“To have somebody who’s kind of a wild man with his finger on the button that could destroy the world or make decisions with enormous influence is an extremely frightening prospect.”
Some of that critique came from a familiar place: The libertarian skepticism of engagement abroad and aggressive law enforcement at home expressed by Rand Paul. More telling was the bristling but insular vision of America’s role in the world presented most comprehensively by Trump and largely reinforced by Cruz. Packer says many Europeans are currently looking at Trump’s success and thinking: “Those Americans are crazy!” But Trump isn’t some strange US mutation, says New Yorker writer George Packer. He is instead, according to Packer, an evocative equivalent of European right-wing populists, à la Marine Le Pen in France and Viktor Orbán in Hungary.
While politicians like Le Pen and Orbán inveigh against “Brussels,” Trump rails against “Washington” as the symbol of a degenerate political system “that doesn’t get things done anymore.” Just like his European counterparts, Trump is calling for isolation in the form of protective tariffs, entry-bans and border-walls. He inflames tensions against ethnic minorities and offers anxious citizens an authoritarian vision of a strongman who, although ignoring democratic conventions, would solve all problems on his own. Trump is presumably only the shrillest and most prominent embodiment of a trend that is becoming pervasive throughout the Western world.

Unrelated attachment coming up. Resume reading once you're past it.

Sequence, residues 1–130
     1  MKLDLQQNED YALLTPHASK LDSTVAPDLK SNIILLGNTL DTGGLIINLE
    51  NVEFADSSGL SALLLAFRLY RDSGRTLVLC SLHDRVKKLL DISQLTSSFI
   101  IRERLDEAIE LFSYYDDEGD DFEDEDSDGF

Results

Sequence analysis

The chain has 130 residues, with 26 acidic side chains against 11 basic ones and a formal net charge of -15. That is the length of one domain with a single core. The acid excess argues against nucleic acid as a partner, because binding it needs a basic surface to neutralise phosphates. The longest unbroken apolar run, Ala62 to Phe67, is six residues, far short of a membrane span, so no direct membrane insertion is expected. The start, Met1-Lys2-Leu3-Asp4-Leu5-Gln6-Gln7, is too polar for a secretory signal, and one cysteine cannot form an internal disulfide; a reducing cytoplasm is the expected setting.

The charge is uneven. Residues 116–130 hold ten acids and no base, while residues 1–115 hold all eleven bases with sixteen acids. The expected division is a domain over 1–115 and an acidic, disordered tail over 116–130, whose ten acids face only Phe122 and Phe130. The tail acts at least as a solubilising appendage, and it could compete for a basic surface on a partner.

Policy of Reorientation
Trump’s policy of reorientation braids skepticism of foreign military engagement, hostility to immigration, and resistance to free trade—what opponents call isolationism, nativism, and protectionism.
The embrace of these arguments by the two leading candidates in national polls is both a challenge to the outward-looking internationalism that has long dominated the GOP, and to the party’s internal debate that has been destabilized by an increased reliance on working-class white voters.
For decades, most Republican leaders have taken opposite views: Supporting a robust American role abroad, expansive immigration, and free trade. In recent decades, that internationalist Republican consensus was most ardently advanced by Reagan and George W. Bush, each of whom backed legalization for undocumented immigrants, expanded trade, and a vibrant American role in leading other nations toward greater freedom.